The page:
On 1/29 2010 16:00:18 flameman wrote:
> > For _this_ kind of magic you have nearly whole 128MB. If you want
> > stay with kernel 1 boot, then you have 1.6MB.
> umm let me understand this part: do you mean by jtag, just to
> things directly (jtag download byte directly into flash) ?
No, I mean the kind of magic if you write your own bootloader.
You can use NAND backup/restore to work with the whole 128MB.
The only area your bootloader probably cannot touch is the
device configuration area.
I never tried JTAG, but I think that production series of Spitz and
Akita are not equipped with the JTAG supporting bridge IC (see the
empty soldering pads on the teardown photos).
> i am supporting a ppc405GP board which has all the firmware in flash
> ... so i had to think about "Recovering a bricked board, using OCD
> Jtag programmer"
You cannot brick Spitz and Akita. PROM boot should always work.
> anybody has ever thought anything similar for akita ? Akita should
> have a jtag on his back, and jtag should be directly connected to
> PXA270 ... so it should be as standard as a pretty ARM databook
No, it is not. There is just a serial IOPORT and few other wires.
I am not sure what is the purpose of connector under the battery cover.
> what i have not understand is:
> 1) is the flash area partitioned with slot0=1.6Mb,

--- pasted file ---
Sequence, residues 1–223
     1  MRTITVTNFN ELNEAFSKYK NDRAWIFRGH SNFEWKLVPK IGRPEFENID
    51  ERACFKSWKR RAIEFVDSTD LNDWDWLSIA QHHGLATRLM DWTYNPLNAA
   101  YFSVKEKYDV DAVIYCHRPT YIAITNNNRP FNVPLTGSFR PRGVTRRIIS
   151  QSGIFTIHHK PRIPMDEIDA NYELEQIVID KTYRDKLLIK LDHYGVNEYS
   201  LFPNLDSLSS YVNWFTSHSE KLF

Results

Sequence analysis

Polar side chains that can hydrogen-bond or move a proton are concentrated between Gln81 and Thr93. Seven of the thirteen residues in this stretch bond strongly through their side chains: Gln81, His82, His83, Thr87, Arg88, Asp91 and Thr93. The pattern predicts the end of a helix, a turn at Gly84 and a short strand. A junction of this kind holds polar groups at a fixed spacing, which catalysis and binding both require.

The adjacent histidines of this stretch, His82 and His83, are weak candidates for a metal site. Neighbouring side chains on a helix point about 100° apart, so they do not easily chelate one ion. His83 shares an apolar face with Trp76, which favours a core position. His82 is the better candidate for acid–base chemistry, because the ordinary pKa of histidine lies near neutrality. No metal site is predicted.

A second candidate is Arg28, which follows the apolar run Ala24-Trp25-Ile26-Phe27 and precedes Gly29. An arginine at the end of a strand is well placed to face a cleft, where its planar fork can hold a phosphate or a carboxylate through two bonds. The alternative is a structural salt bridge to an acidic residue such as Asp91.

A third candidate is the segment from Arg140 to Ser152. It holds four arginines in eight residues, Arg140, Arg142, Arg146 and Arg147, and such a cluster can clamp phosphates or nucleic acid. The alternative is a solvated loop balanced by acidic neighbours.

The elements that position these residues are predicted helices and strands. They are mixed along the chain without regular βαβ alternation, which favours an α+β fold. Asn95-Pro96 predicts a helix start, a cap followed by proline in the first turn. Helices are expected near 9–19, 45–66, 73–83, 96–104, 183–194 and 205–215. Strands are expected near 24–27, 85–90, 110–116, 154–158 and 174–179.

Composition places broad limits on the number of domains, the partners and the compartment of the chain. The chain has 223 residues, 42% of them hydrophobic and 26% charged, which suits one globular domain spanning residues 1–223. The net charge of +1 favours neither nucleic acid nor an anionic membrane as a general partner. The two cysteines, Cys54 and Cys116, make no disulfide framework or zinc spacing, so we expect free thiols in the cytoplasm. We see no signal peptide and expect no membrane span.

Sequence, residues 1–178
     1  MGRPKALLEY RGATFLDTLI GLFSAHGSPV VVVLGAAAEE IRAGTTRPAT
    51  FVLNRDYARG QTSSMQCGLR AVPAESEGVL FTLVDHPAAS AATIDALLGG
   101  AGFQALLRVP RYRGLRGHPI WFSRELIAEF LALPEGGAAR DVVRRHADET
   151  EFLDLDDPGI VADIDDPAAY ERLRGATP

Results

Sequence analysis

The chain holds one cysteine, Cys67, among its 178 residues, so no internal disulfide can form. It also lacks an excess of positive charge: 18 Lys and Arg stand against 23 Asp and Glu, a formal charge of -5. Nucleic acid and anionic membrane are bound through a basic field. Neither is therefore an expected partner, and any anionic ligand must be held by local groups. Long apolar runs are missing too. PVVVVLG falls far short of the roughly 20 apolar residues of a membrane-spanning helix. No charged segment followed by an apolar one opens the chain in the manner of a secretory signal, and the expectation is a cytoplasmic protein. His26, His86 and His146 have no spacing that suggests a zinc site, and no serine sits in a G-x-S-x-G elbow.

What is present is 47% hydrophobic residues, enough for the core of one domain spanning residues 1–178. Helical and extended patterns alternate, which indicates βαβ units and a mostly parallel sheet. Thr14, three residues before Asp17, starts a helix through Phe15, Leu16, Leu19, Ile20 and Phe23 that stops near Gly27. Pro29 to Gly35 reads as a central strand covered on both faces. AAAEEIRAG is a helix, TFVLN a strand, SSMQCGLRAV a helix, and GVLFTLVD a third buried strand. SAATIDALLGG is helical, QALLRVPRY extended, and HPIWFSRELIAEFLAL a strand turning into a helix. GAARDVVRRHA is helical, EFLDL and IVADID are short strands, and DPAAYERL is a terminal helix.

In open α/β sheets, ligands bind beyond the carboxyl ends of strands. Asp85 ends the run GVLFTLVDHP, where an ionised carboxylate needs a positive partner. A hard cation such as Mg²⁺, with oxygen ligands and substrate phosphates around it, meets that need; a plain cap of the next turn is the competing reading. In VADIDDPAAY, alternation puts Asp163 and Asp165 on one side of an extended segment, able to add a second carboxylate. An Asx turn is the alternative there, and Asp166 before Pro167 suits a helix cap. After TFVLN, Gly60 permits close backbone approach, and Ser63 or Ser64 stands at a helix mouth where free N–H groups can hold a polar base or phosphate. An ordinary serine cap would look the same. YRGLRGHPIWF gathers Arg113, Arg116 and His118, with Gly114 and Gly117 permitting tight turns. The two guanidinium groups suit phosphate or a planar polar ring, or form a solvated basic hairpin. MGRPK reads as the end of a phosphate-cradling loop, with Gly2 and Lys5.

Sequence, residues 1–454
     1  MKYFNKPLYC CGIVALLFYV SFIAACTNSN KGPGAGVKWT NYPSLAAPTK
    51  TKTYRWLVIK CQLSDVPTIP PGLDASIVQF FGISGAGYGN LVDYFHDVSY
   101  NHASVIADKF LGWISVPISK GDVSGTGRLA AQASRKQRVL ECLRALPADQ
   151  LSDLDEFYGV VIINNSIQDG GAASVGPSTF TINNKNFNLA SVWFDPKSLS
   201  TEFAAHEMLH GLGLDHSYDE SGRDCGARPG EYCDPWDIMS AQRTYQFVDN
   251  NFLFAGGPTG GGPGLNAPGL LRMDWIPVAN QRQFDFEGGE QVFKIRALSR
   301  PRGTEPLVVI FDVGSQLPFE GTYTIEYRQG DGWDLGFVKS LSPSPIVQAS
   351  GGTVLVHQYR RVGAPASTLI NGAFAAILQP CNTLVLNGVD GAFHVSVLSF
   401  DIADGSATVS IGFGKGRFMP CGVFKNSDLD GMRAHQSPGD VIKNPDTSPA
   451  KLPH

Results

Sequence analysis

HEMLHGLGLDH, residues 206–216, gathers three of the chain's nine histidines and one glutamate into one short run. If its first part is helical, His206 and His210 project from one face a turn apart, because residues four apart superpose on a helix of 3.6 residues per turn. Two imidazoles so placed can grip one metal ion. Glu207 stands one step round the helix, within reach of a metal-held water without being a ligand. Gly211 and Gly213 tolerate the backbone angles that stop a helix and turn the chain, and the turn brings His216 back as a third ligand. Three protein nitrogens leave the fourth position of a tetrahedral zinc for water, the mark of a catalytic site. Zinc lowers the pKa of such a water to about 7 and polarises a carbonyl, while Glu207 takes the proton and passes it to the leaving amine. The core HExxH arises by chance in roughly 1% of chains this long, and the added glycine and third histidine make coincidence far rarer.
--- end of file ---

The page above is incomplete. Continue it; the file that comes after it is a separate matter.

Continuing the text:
> slot1=therest/whatever, and we can't re partion it into a whole 128Mb
> slot cause ...cause if we did it than we loose the nandutils&C that
> slot1 contains, so we loose a pretty procedure to re-flash if things
> go bad ?
No. slots are not partitions. Just the first partiton contains slots.
There should be:
NAND configuration block
slot for kernel 1
slot for kernel 2 (emergency aboot)
> 2) could we bypass it, just using jtag ? 1.6Mb is a pain in ... while
> i wish i could have 8Mb (or more) to handle a good (and nicer)
> bootloader + first aid kit (fsck, badblocks, RTC tools ... etc
> etc ...
No, only new bootloader could bypass slot1 size.
> everything should be pretty useful for a pretty UNIX net install
You are not forced to use slot1 kernel as your primary kernel. You can
use kexec (e. g. kexecboot) and boot anything you want.
> about my kexec-netboot, here is a shot-proof of concept
> (i need this bootloader, cause i net download the first aid kit into
> so call "early ram rootfs", also i like this bootloader cause i can
> test newkernel easier)
No, you don't need custom bootloader. You can learn netboot the kernel
in slot1. It would be much less work than programming the bootloader.
In fact, I think that nobody wa able to implement custom bootloader
There are some proprietary things you would need to reverse-engineer
before being able to implement it:
- The way how PROM boot passes control to NAND boot.
- Completely initialize hardware, including things not initialized in
the current kernel (e. g. LCD phase settings).
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